Laser Hair Removal Can Cause More Hair Growth, Is It True?

In some women, laser hair removal treatment paradoxical laser-induced hypertrichosis is real phenomenon! This occurrence has been reported on various forums, although it has not yet been medically proven. It is a rare occurrence and appears to happen only when treating the chin, sideburn and neck area of middle eastern or indian women who is darker skin types (IV V VI), very few to men's back, shoulders or upper arms. But the risk can be reduced by using a longer-wavelength laser.

Current research indicates that the leading cause for the stimulation of hair growth is treated with the wrong laser or if it's on the wrong setting. Heat stimulation can activate dormant follicles and the fine hairs will absorb a certain amount of energy, causing some damage. If using the sub-optimal energies lasers to remove hair, they can not enough to completely destroy the follicles. In trying to heal this damage, the follicles can be strengthened and increased hair growth! This is why laser is never good to treat at low settings or too fine hairs.

One possibility why this may be more prevalent in darker skinned patients is because practitioners may be hesitant to use appropriate settings or do not have the correct technology such as long-pulsed Nd: YAG. That being said, a laser does do minimal exfoliation which can initially cause what may seem like a sudden growth in hair. This is because your hair grows in 3 different stages, Anagen Catagen and Telegen. Some client may notice the hair growing out pretty much immediately, others it may appear that the hair is grown more. Relax, hair removal is a process and will take time to achieve results.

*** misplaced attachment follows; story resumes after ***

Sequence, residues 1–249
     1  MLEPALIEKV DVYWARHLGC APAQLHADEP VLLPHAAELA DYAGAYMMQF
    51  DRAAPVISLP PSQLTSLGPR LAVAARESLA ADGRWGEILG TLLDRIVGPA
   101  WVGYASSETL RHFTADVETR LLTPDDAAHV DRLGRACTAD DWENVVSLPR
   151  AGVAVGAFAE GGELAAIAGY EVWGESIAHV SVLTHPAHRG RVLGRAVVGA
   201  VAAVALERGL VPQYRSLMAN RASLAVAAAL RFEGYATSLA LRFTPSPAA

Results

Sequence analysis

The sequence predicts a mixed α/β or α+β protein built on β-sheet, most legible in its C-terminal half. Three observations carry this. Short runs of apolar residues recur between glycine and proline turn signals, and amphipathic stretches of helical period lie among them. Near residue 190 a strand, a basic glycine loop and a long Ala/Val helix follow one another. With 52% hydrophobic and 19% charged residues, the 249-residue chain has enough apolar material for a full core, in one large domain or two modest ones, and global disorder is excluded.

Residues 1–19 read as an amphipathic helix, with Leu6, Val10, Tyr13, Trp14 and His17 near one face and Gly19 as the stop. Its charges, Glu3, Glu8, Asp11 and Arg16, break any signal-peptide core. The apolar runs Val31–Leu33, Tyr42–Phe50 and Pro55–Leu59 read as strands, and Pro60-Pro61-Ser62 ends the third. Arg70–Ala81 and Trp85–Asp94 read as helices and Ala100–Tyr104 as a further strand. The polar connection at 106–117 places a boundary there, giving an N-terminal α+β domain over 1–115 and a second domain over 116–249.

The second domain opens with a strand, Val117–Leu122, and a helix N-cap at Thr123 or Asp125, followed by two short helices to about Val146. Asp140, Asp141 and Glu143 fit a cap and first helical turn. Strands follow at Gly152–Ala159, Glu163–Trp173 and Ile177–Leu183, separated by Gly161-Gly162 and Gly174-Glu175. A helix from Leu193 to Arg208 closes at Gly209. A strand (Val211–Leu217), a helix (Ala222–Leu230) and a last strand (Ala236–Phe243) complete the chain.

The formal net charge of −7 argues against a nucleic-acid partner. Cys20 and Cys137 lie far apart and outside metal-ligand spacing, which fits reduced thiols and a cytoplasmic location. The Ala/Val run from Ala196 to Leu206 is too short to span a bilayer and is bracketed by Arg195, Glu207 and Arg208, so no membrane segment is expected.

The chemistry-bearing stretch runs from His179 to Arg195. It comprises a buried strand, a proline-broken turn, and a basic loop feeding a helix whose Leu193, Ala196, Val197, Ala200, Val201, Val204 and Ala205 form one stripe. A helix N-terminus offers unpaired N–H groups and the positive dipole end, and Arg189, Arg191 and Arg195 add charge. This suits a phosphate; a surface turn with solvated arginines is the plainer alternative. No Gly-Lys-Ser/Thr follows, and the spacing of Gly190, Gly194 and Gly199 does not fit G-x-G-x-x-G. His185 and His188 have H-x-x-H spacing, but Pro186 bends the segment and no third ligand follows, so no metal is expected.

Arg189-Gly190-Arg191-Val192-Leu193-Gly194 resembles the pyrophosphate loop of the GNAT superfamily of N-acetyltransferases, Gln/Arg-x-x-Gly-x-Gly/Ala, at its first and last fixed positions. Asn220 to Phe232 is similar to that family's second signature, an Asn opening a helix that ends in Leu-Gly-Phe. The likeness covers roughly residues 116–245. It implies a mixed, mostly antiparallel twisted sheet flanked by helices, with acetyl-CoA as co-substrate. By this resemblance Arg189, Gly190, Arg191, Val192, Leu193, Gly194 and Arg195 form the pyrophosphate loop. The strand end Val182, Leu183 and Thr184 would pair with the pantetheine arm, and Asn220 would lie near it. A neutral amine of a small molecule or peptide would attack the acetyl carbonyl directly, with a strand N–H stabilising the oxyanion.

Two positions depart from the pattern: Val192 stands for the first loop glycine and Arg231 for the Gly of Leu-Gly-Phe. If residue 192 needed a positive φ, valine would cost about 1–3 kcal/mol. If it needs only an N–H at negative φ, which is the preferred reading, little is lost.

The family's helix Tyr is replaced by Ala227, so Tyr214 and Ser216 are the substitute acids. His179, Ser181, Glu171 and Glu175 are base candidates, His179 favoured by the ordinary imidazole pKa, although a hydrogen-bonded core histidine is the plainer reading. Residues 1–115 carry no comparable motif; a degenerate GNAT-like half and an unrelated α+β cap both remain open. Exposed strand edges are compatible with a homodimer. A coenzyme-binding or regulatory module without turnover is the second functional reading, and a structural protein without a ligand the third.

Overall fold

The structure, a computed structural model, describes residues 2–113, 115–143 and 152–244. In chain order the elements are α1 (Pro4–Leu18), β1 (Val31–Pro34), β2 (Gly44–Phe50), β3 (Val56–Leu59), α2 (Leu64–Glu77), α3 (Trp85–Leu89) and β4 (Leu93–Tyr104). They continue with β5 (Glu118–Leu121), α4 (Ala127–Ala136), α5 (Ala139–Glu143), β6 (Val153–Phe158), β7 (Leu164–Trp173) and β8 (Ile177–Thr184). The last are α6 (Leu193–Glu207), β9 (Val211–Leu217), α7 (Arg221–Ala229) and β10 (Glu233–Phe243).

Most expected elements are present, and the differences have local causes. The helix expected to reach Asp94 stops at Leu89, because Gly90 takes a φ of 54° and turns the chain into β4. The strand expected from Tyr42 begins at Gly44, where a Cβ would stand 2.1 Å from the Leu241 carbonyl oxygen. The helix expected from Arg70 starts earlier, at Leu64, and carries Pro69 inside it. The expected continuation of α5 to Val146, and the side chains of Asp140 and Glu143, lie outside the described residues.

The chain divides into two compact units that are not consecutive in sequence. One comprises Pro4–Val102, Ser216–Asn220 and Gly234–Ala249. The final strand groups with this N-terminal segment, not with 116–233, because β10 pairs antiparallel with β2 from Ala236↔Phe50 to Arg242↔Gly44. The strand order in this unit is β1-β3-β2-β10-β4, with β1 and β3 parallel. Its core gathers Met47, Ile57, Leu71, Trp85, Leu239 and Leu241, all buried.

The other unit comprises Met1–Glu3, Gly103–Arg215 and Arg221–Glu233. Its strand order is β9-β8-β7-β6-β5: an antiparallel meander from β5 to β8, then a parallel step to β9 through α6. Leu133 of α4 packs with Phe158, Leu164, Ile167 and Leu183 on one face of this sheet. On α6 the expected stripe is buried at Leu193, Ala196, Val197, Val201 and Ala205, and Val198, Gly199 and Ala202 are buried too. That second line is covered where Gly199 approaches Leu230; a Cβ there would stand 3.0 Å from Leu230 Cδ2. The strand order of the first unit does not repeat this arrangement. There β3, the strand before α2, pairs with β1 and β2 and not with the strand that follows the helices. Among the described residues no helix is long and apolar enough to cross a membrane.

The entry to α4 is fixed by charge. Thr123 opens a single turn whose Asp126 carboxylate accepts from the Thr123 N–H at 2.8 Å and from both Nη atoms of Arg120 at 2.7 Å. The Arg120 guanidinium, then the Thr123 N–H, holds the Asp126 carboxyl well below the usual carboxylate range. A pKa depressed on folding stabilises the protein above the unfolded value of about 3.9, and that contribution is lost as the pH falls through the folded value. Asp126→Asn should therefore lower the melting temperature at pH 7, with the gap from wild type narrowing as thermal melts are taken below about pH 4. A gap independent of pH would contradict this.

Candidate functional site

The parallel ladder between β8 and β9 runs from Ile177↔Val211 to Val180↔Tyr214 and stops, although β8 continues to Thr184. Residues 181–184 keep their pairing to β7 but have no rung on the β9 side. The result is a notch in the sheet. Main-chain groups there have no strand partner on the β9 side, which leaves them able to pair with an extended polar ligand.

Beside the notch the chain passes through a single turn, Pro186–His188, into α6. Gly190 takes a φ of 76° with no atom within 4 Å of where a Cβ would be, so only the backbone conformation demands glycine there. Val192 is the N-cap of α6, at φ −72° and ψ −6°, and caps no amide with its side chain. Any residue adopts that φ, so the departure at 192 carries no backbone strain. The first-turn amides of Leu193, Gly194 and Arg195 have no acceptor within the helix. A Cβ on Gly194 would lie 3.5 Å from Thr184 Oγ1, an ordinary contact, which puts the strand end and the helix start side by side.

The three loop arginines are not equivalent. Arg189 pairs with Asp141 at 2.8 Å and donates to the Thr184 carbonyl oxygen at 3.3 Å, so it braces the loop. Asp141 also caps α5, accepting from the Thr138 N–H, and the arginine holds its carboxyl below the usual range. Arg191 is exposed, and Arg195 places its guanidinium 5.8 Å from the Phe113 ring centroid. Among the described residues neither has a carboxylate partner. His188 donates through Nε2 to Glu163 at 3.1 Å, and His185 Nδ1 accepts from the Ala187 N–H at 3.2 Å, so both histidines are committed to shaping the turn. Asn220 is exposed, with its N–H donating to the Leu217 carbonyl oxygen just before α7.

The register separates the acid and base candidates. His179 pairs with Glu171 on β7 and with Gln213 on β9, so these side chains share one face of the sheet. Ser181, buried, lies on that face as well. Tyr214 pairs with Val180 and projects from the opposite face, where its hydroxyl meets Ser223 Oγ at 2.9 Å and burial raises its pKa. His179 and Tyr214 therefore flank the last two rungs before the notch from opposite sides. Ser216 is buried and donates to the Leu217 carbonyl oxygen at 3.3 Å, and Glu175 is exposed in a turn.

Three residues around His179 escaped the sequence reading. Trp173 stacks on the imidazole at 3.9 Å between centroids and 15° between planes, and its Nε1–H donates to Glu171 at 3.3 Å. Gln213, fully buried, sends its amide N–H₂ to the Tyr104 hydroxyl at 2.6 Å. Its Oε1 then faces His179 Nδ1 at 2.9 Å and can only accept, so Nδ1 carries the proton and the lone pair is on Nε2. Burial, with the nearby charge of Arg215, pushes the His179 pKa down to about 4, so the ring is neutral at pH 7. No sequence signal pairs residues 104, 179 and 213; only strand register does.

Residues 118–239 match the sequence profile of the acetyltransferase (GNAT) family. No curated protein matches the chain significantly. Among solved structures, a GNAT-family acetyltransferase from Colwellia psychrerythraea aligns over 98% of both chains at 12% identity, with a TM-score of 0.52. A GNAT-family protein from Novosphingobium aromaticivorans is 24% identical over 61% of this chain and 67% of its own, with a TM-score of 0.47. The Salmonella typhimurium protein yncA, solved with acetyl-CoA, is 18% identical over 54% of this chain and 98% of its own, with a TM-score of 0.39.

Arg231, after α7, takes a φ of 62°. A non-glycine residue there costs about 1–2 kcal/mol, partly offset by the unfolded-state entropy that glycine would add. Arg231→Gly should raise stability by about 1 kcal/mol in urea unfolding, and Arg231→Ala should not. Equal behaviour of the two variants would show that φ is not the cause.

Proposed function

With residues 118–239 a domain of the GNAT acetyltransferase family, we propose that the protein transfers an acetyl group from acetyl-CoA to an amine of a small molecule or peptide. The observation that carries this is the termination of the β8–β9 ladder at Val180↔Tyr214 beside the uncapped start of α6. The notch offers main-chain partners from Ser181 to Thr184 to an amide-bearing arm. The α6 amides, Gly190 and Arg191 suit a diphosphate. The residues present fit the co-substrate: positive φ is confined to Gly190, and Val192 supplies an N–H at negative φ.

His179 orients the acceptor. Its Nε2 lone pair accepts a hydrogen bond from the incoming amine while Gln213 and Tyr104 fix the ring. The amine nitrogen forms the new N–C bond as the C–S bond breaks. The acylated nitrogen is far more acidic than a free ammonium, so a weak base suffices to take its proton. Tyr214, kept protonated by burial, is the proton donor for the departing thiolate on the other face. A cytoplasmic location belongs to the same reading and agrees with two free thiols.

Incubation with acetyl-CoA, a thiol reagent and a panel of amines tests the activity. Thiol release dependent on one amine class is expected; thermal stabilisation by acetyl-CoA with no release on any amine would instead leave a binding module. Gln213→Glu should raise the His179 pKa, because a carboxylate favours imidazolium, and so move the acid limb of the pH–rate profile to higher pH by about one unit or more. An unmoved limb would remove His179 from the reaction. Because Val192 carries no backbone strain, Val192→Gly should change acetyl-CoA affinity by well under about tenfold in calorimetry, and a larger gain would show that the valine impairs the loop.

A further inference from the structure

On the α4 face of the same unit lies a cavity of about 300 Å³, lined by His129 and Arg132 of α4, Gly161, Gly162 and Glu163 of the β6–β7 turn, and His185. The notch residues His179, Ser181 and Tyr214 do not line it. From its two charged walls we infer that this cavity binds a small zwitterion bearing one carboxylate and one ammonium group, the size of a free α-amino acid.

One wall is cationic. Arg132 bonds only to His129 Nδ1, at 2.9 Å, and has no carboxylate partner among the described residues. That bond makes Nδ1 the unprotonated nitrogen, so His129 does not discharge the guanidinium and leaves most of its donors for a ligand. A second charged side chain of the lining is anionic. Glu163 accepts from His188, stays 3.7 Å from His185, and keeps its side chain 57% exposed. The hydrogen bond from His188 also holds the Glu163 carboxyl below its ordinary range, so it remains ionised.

Laser Hair Reduction Can Cause More Hair Growth, Is It True?

Results vary from client to client. There are many different circumstances that can limit or change the laser hair reduction results, such as Hormonal, possible medications, underlining conditions. Remember to be open with your provider to anything that may limit or change your results. There is another research in a single-center :

Staff assessed the prevalence of apparent laser-stimulated hypertrichosis in a population of 489 patients who had received at least 1 LHR with a long-pulsed alexandrite laser (755-nm) over a 4-year period. They also sought to identify patient variables predictive of a higher risk of developing postlaser hypertrichosis.

Out of 489 patients, 3 showed clinical evidence of postlaser hypertrichosis in laser treatment sites during a 4-year treatment period (prevalence of 0.6%, 95% confidence interval: 0.01%-1.9%). All 3 of these subjects had black hair and phototype IV skin. Although additional variables such as age, sex, treatment settings, and number of treatments did not appear to differ between this group and the controls, the small sample size precluded adequate statistical analysis. One 39-year-old woman who showed signs of post-LHR hypertrichosis on her face was of Mediterranean descent; she received 13 laser treatment sessions without apparent improvement, and had a negative work-up for hyperandrogenism. The other patients were both men: one 30-year-old white man undergoing back and arm LHR, and one 21-year-old Chinese man undergoing facial LHR. This latter patient had also started finasteride for androgenetic alopecia prior to noting the increased facial hair growth.

So if you feel your condition is getting worst during this treatment regimen, then


  1. Stop the regimen.
  2. Review the issue with your dermatologist, and make sure nothing else, like a hormonal imbalance, is being missed.
  3. Consider using another long-pulsed laser technology, like the Nd-YAG.
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